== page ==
Joseph Bowne Elwell – 1920

By | March 10, 2017

“The evidence is entirely devoid of any fact that would justify accusing any man or woman”



244 West 70th Street where Elwell was found

Joseph Elwell began his working life as a hardware salesman before his talent for bridge made him rich and famous. His book Elwell on Bridge was the definitive work on the game. He was regarded as a handsome catch, with a fine head of dark hair and sparkling teeth. On 26 May 1900 he married Helen Derby but, as he became more successful, he began to womanize and his wife left him. On 10 June 1920, 47-year-old Elwell went to the Ritz Hotel in New York to eat dinner with friends and then his party went to watch the Midnight Frolic show at the New Amsterdam Roof Theatre. By 2.30am the next day Elwell was on his way home alone in a taxi. He stopped to buy the Morning Telegraph newspaper and when he got home made several phone calls, the last at 6.09am.

At 8.35am Elwell’s Swedish housekeeper Marie Larsen arrived to begin work and in an armchair in the living room saw a bald, toothless old man in red silk pyjamas dying from a .45-calibre bullet wound to the head. It turned out that the man was not a stranger but Elwell who kept his youthful appearance by wearing wigs (he owned 40) and false teeth, and through regular trips to the plastic surgeon. Mrs Larsen ran into the street to summon help. Elwell was admitted to Flower Hospital on East 64th Street at 9.19am and died within the hour, without regaining consciousness.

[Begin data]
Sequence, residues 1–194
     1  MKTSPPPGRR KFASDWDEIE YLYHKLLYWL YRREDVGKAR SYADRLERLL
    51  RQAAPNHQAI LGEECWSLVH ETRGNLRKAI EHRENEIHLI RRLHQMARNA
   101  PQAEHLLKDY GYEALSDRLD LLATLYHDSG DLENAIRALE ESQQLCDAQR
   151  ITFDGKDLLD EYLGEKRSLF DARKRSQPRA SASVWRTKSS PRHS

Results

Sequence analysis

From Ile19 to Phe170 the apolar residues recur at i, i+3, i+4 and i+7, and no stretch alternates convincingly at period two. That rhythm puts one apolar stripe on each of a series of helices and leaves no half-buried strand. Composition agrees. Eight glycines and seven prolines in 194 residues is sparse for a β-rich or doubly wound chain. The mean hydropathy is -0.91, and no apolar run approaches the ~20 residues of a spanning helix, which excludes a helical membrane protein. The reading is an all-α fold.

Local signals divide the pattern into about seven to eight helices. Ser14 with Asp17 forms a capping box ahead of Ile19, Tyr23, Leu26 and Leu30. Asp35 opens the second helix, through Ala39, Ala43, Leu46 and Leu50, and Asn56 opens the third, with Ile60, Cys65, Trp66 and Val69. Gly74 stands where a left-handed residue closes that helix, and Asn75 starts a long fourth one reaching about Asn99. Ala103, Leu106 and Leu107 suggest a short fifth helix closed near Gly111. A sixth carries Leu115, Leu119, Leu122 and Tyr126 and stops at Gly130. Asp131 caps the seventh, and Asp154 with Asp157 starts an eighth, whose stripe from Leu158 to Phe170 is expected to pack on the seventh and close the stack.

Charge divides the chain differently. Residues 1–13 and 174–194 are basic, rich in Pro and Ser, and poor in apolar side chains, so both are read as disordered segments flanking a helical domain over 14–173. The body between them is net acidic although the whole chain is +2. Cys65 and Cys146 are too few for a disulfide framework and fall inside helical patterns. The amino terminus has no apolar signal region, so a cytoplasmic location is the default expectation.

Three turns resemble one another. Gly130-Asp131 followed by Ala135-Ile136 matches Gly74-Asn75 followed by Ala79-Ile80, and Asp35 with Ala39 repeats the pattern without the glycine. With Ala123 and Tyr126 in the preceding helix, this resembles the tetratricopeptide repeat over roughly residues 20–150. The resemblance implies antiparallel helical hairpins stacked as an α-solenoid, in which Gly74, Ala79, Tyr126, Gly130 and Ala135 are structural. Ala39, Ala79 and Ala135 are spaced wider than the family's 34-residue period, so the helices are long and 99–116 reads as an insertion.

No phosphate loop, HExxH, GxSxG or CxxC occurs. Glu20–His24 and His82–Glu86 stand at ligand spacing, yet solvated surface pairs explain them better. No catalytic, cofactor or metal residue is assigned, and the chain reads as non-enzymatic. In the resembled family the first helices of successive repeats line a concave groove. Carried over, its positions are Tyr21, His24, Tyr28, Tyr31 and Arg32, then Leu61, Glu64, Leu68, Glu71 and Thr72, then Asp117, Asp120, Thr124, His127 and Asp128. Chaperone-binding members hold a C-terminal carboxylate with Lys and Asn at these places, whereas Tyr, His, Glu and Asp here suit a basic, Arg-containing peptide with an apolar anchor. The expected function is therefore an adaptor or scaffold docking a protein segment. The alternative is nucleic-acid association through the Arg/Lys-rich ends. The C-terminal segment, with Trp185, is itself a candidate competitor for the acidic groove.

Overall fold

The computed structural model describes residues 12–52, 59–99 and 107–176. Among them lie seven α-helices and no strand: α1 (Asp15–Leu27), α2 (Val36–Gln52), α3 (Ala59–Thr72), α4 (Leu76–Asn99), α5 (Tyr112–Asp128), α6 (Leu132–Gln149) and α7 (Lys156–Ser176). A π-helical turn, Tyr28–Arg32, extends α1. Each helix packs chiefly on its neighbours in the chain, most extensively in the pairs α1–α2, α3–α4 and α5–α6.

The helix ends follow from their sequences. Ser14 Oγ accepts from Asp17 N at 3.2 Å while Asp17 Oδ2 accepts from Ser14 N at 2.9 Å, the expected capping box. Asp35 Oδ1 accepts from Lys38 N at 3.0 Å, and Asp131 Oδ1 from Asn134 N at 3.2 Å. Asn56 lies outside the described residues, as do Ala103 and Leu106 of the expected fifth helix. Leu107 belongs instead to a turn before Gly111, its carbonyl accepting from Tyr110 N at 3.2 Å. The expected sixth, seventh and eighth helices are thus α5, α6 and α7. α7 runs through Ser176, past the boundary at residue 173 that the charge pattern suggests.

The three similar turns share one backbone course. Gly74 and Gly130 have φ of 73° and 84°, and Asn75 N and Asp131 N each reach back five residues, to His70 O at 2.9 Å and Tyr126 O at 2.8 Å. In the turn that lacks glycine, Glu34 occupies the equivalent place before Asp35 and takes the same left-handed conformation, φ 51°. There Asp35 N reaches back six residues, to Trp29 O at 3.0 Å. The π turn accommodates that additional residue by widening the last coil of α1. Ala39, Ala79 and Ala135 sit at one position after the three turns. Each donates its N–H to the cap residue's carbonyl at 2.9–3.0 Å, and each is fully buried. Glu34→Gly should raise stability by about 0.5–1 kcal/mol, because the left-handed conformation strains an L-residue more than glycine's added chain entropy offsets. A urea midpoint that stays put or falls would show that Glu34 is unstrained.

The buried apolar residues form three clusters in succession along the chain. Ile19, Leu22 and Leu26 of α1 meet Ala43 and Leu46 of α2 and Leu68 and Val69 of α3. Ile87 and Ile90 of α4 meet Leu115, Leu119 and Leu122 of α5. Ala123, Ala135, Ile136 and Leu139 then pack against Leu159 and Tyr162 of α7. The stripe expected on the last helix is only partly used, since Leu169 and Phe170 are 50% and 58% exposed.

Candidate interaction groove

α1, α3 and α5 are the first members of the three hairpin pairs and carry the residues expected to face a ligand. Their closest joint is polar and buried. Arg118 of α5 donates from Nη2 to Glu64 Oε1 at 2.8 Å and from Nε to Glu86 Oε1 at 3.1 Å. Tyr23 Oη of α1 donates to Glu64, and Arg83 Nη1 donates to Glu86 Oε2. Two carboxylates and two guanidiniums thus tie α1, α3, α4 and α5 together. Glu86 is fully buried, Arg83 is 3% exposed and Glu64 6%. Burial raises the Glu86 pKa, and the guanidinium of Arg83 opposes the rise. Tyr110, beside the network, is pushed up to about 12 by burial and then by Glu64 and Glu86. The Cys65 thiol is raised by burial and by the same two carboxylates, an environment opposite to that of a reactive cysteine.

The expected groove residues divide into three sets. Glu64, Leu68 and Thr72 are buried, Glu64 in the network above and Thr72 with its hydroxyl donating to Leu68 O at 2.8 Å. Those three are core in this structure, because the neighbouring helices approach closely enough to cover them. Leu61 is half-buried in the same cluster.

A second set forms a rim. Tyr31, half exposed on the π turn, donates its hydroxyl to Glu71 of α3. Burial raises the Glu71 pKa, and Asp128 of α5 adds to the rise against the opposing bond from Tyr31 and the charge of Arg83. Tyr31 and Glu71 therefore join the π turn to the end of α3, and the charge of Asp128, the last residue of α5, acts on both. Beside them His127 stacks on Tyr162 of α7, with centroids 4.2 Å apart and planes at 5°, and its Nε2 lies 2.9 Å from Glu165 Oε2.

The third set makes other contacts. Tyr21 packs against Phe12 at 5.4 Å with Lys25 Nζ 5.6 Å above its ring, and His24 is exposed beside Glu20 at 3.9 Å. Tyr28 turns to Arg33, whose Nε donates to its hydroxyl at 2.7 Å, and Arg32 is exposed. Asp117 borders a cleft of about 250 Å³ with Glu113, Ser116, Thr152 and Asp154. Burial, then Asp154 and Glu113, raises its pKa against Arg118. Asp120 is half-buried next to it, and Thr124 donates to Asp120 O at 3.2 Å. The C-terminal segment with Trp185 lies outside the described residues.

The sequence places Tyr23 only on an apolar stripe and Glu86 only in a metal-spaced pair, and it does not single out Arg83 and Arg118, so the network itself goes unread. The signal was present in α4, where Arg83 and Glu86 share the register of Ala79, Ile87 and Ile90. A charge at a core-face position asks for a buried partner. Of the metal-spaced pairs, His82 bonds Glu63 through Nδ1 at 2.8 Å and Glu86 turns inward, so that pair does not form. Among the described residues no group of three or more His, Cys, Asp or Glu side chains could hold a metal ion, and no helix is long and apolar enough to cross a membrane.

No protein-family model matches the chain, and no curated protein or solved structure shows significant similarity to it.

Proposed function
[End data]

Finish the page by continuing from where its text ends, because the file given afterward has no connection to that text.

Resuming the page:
In Elwell’s four-storey brownstone mansion was a collection of lingerie and a detailed list of more than 50 women, dubbed by the press the “Love List”. The senior detectives in the New York Police Department took charge of the case and interviewed Elwell’s entire harem of women but no action was taken against any of them. No fingerprints were found in the house apart from those of Elwell and Mrs Larsen. Money and jewellery were still in Elwell’s house, ruling out robbery as a motive for the murder.


244 West 70th Street, New York City, USA


8.35am Friday 11 June 1920


Police believed that the killer was probably a man, it being thought that the .45 too heavy a gun for a woman to handle. The murder weapon and the killer were never found. District Attorney Edward Swann said, “The evidence is entirely devoid of any fact that would justify accusing any man or woman.”


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